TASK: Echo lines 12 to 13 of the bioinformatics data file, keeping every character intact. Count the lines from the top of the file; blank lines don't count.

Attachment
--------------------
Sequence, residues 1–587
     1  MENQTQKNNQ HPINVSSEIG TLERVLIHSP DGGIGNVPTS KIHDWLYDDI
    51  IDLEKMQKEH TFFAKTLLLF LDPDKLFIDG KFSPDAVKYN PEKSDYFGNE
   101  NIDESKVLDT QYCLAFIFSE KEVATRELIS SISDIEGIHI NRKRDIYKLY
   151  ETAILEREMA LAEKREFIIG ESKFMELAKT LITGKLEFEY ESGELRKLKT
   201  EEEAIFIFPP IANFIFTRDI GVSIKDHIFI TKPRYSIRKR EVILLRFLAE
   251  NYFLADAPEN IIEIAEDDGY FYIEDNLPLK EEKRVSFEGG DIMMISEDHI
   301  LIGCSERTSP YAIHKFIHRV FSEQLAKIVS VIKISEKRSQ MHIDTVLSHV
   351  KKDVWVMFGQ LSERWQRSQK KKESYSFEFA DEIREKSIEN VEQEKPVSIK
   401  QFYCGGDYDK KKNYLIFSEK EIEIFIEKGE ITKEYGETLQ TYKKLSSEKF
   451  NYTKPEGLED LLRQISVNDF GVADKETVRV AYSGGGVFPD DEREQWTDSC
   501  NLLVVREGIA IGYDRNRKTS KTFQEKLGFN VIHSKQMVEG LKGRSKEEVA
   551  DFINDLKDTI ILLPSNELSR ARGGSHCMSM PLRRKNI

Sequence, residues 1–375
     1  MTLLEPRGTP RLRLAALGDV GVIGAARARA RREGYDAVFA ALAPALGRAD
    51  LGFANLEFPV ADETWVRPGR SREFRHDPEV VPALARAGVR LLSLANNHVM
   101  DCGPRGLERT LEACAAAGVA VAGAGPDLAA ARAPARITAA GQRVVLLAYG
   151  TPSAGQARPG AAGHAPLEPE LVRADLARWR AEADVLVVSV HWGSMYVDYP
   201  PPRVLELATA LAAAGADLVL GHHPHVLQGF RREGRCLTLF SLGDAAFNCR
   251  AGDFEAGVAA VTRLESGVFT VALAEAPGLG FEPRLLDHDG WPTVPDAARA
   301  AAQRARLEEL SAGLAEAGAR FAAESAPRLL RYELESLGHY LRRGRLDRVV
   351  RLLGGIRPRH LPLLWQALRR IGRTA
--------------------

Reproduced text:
   501  NLLVVREGIA IGYDRNRKTS KTFQEKLGFN VIHSKQMVEG LKGRSKEEVA
   551  DFINDLKDTI ILLPSNELSR ARGGSHCMSM PLRRKNI